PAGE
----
Diabetes is a condition which results in too much sugar in the blood. This happens because the body does not produce enough insulin, the hormone that controls blood sugar levels.
It is otherwise known as Diabetes Mellitus (diabetes deriving from Greek meaning siphon, and reflecting excessive passing of urine, and mellitus coming from the Latin for honey, reflecting the sweetness that ancient physicians noted in the urine).
There are two types of diabetes:
- Type 1 Diabetes, which affects children and young adults and is also often referred to as Insulin Dependent Diabetes (IDDM).
- Type 2 Diabetes, which comes on in later life, especially in the overweight and often runs in families. This is also referred to as Non Insulin Dependent Diabetes (NIDDM).
- Drinking a lot (polydypsia) and thirst
- Passing a lot of urine (polyuria)
- Weight loss
- Tendency to get minor infections, such as boils or thrush
All of these might lead a doctor to consider the diagnosis of diabetes. If you have these symptoms, and especially if you have a family history of diabetes, you should consult your doctor. It may be helpful to take a urine specimen with you for him to test for sugar, although he may prefer to do a blood test.
If you have diabetes you can do a lot for yourself, but it is very important to seek medical advice.
There are various factors involved in causing diabetes:
- Genetic or inherited susceptibility, which is more common in Type 2 Diabetes.
- Pancreatic disorders. (The pancreas produces insulin and thus diseases affecting the pancreas may reduce production.)
- Other hormone disorders, for example of the adrenal glands, and changes seen in pregnancy in some people.
- Drug induced, for example with use of steroids and certain diuretics (water tablets).
- Obesity or remaining overweight is one contributory factor in Type 2 Diabetes.
Also there is evidence that low birth weight babies of short, overweight mothers are more likely to develop problems associated with insulin resistance.
Ring form of the D-glucose molecule (C6H12O6).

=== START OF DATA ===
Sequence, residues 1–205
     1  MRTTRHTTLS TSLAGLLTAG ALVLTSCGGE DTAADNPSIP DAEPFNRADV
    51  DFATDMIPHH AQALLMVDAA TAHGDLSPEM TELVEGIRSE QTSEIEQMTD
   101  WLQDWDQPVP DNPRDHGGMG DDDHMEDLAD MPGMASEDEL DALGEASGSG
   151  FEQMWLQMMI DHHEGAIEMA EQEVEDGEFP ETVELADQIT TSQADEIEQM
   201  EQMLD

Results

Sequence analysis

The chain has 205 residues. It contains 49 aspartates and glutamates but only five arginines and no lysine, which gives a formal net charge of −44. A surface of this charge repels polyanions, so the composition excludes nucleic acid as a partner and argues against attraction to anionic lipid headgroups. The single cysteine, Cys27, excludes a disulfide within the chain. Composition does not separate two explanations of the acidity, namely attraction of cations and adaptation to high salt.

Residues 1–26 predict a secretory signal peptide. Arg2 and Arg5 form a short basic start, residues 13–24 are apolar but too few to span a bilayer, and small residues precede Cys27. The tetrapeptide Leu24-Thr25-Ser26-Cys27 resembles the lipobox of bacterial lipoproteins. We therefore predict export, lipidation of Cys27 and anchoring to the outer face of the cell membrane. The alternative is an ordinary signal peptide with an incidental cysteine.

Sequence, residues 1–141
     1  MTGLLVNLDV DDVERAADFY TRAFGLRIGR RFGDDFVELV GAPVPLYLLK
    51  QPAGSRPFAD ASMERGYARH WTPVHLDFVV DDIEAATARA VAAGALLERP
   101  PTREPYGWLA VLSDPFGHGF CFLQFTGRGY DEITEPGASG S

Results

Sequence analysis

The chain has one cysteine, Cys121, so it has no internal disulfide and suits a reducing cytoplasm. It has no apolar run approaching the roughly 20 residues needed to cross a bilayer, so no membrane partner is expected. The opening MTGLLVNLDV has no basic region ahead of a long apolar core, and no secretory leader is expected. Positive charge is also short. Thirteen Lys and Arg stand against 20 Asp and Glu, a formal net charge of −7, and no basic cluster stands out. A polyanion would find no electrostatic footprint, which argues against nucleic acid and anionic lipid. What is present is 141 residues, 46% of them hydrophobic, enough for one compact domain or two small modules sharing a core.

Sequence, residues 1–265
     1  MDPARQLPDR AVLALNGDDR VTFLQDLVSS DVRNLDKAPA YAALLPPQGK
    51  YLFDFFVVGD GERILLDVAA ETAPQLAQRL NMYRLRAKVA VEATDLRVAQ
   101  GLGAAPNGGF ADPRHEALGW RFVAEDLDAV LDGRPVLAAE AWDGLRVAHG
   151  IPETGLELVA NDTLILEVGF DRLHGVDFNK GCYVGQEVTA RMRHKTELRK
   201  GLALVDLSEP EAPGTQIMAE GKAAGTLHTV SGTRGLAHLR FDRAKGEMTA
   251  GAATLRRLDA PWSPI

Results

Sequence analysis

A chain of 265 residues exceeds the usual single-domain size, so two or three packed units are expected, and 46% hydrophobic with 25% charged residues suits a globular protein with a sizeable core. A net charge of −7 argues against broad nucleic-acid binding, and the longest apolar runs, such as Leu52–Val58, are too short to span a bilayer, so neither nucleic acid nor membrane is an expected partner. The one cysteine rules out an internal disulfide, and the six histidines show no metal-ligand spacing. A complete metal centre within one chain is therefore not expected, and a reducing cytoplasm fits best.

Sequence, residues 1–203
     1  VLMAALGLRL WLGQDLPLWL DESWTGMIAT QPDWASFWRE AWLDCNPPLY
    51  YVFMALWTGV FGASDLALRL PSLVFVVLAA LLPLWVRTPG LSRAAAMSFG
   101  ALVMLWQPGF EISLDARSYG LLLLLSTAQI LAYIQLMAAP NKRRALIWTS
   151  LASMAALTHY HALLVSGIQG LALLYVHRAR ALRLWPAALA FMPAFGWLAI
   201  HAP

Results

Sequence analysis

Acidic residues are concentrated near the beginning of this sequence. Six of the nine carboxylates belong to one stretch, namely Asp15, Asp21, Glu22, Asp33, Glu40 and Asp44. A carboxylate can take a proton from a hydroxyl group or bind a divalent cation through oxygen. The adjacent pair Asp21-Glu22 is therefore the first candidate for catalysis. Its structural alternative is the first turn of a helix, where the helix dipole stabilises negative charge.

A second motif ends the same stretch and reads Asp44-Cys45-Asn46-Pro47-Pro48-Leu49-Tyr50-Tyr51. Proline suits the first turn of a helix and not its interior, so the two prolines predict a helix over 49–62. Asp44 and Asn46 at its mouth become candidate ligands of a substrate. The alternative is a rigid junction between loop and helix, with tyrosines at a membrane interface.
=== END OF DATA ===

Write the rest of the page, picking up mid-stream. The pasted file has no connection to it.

Your doctor is most likely to want a blood sugar (glucose) test. This may just involve a finger prick which can be analysed at the surgery. A urine test is also sometimes used, but urine sugar level can be misleading.
Your doctor may wish to obtain a blood sample when you have fasted overnight or possibly a glucose tolerance test which involves a series of blood and urine tests following a fast and after administration of a glucose drink. These help in cases where the diagnosis is not clear.
You are also likely to be tested for glycosylated haemoglobin or HbA1C (haemoglobin A1C) which gives an idea of the blood sugar control over recent days/weeks. You may also have tests to check on your kidney function and blood cholesterol.
Whichever sort of diabetes you have it is most important that you come to terms with it and take responsibility for your own day to day management. The more you can understand the condition and how it effects you, the better you will be able to control it and prevent complications.
A diet which does not include sugary food or drinks is important for both types of diabetes.
Type 1 Diabetes requires the use of regular insulin injections. This will need to be taught to you, but most people are well able to manage this for themselves after a very short time. You will develop an understanding of the different doses needed when more activity takes place or in situations when you are unable to eat, for example when vomiting.
Type 2 Diabetes can often be controlled by attention to diet alone. It is also most important to get your weight down to a reasonable level. It is likely that your doctor will set a target weight with you. Your doctor may well initially monitor your blood sugar while you adopt this approach. If, however, your initial blood sugar is too high or you do not show a response to diet alone, then you will be started on medication. This usually involves one or more tablets a day.
Diabetes can adversely affect the blood vessels, the eyes, the heart, the nervous system, and the kidneys, but this usually appears to follow many years of poor blood sugar control. Thus although you may not have many symptoms from your diabetes you should try to maintain the best possible control of your blood sugar and attend your doctor regularly to monitor progress.
If you smoke, stop. As mentioned above, diabetes can adversely affect the blood vessels, so can smoking.
- Living with Diabetes, by Dr John L Day
- The Diabetes UK guide for those treated with diet and tablets.
- American Diabetes Association Complete Guide to Diabetes, by American Diabetes Association
- Perhaps the most complete and authoritative resource on diabetes, it covers everything from how to manage types 1 and 2 and gestational diabetes, to travelling with insulin, sick-day action plans, and recognising hypoglycaemia.
- The Diabetes Food and Nutrition Bible, by Hope S Warshaw, Robyn Webb
- A complete guide to planning, shopping, cooking, and eating, from the American Diabetes Association. Foreword by Graham Kerr.
- 101 nutrition tips for people with diabetes, by Patti Geil, Lea Ann Holzmeister
- A very important part of the treatment of diabetes is a sensible approach to eating. This book from the American Diabetes Association provides helpful and tasty answers.